Contrary to popular belief, Ferruccio Lamborghini wasn't that much into supercars. The Miura may have been the first of its mid-engine kind, yet the man who built his wealth with tractors started his car business with front-engine gran turismos, only to continue by preferring the same level of luxury. Lamborghini's refusal to enter motorsport with his Ferarri-beating, Bizzarrini-designed V12s also led to Gian Paolo Dallara's departure in 1968. The following year, Ferruccio and Marcello Gandini at Bertone introduced the Espada, Lamborghini's biggest front-engine V12 coupé to date. Then came a union strike, and Lamborghini had to get ready for the 1970s.
The classy Islero may have been the boss' favorite, yet that wouldn't stop it from being a sales flop. With Paolo Stanzani being his chief technical officer, Ferruccio moved on by launching the high-performance Jarama 400GT, while Stanzani was to come up with a clean sheet mid-engine 2+2 design powered by an equally new V8, which was to become Lamborghini's entry-level offering in 1970.
The resulting Urraco P250 launched with a 2.5-liter, single-overhead-cam V8 producing 220 horsepower at 7,800 rpm for a top speed of 152 miles per hour. Stanzani's engine used a “Heron chamber” head with a flat inner part and the combustion chamber contained a depression in the top of the piston. This resulted in higher compression on a budget. The V8 also used four double-body 40 IDF1 Weber carburetors.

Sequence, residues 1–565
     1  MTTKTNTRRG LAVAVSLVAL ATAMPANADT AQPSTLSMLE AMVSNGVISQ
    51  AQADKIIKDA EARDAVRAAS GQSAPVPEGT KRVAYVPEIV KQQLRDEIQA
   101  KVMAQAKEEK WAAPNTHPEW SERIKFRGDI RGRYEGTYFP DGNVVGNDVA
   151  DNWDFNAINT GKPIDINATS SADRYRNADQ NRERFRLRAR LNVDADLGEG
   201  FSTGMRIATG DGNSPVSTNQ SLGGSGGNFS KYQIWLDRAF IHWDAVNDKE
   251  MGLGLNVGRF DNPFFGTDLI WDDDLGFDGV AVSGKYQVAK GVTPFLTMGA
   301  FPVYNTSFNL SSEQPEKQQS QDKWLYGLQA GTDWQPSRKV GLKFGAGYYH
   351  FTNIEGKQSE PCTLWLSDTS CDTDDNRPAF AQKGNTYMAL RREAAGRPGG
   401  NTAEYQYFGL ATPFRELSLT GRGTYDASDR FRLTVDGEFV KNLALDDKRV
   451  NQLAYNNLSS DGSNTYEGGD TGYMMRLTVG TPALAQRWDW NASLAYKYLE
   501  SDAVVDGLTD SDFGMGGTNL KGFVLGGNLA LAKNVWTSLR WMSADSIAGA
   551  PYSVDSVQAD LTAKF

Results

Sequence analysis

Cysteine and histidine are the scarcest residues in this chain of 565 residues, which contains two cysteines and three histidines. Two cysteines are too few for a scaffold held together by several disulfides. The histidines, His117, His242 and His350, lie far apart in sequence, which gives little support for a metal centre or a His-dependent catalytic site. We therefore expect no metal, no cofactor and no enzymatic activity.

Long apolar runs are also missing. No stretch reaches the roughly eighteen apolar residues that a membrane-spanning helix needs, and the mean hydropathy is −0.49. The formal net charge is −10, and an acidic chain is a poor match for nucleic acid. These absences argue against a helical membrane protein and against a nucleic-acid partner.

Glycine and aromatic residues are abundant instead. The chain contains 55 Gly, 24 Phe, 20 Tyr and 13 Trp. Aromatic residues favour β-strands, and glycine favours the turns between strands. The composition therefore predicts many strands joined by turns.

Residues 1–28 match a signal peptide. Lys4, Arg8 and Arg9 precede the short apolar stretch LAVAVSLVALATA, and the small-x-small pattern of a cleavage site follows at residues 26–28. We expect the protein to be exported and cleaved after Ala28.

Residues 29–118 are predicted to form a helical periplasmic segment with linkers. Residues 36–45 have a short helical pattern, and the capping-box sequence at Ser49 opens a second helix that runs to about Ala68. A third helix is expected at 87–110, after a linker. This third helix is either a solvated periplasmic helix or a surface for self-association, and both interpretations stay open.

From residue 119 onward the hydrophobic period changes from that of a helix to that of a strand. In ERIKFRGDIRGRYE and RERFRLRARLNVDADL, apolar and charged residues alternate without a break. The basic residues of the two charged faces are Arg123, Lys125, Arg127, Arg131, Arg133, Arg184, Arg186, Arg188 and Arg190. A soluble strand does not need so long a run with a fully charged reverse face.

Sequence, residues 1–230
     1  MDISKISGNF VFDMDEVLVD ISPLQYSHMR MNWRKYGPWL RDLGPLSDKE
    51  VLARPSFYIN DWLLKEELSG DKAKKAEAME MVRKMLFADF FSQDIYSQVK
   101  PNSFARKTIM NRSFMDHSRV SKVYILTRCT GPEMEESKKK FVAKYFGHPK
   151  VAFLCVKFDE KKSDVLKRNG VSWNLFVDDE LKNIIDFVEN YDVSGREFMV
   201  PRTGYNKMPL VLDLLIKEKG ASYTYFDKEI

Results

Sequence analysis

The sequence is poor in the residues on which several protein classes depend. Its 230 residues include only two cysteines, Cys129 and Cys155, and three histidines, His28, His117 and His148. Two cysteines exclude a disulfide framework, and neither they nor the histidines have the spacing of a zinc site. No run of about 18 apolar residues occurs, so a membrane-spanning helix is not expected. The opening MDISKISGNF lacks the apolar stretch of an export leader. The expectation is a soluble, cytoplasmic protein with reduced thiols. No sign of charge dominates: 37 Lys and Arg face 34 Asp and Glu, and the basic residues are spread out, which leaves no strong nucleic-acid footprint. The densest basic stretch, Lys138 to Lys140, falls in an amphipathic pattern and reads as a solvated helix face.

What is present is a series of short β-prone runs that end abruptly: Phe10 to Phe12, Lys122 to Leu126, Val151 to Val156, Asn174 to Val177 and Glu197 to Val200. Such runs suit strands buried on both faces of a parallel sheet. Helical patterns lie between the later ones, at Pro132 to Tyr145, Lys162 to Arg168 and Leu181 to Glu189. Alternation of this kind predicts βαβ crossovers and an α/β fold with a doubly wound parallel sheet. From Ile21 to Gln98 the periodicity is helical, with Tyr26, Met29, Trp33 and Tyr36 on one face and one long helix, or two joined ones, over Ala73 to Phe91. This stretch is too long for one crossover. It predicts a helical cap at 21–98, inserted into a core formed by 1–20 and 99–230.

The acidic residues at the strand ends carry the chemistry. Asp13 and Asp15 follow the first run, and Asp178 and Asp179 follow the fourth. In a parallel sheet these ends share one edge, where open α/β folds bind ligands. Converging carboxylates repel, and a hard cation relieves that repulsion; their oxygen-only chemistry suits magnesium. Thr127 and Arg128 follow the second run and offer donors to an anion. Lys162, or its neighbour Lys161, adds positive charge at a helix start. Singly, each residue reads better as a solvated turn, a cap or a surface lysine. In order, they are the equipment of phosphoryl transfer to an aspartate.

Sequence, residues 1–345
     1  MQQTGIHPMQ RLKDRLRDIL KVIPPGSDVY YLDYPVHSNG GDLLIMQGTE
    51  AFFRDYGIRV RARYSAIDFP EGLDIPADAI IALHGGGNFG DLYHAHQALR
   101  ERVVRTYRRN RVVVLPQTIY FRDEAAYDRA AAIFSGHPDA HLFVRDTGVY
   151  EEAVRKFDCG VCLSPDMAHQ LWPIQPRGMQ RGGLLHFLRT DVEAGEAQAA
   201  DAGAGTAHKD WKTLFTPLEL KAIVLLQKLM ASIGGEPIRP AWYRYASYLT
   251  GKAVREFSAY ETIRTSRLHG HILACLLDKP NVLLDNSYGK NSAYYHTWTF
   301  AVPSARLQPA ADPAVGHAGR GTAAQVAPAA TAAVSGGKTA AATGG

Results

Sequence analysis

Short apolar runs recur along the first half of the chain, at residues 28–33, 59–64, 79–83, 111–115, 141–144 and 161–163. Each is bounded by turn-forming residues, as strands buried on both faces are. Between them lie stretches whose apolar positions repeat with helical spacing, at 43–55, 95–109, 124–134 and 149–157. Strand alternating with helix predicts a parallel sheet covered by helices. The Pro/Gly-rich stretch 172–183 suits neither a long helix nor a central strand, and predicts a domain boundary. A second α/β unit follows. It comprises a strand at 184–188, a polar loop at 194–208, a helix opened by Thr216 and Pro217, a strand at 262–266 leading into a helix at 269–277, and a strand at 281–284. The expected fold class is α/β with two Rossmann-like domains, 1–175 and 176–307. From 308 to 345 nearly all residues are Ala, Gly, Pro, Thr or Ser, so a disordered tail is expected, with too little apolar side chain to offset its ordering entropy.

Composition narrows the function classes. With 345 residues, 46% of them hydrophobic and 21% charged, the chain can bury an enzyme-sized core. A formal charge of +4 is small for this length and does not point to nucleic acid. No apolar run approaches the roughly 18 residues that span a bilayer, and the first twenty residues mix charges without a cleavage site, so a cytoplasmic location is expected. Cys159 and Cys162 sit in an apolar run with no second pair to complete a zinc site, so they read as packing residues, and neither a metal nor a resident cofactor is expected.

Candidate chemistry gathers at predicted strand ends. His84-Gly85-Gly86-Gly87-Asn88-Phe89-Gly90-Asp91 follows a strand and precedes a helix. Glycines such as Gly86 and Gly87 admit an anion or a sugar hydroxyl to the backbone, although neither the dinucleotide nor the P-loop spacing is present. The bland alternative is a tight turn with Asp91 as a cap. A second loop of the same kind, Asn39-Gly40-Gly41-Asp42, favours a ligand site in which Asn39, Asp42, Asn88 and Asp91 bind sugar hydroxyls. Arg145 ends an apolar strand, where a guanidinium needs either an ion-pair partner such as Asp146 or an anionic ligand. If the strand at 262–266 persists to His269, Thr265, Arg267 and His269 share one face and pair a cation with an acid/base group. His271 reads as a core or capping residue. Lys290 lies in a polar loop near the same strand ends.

Fifty years ago, Lamborghini's publicity shots revealed that at under 14 feet long, their new 2+2 wasn't just capable on both dirt and gravel...
...but also rather practical and stylish when parked by an old factory. Still a Gandini design, of course.
Hit by even more financial challenges on the tractor end, Ferruccio Lamborghini decided to sell his controlling stake in the car factory by 1972. His team was just about to create the Countach, while triggered by the oil crisis, the Urraco line got a 2.0-liter, 182-horsepower option designed with the Italian tax system in mind. Following the P200 at the 1974 Turin Motor Show, 1975 saw the introduction of the Urraco's final evolution, the P300 with its double-overhead-cam 3.0-liter tuned to a healthy 265 horsepower.
Between 1970 and 1979, Sant'Agata produced 520 P250s, just 66 P200s and 190 P300s. Fifty years strong, high five to Lamborghini's first V8s!
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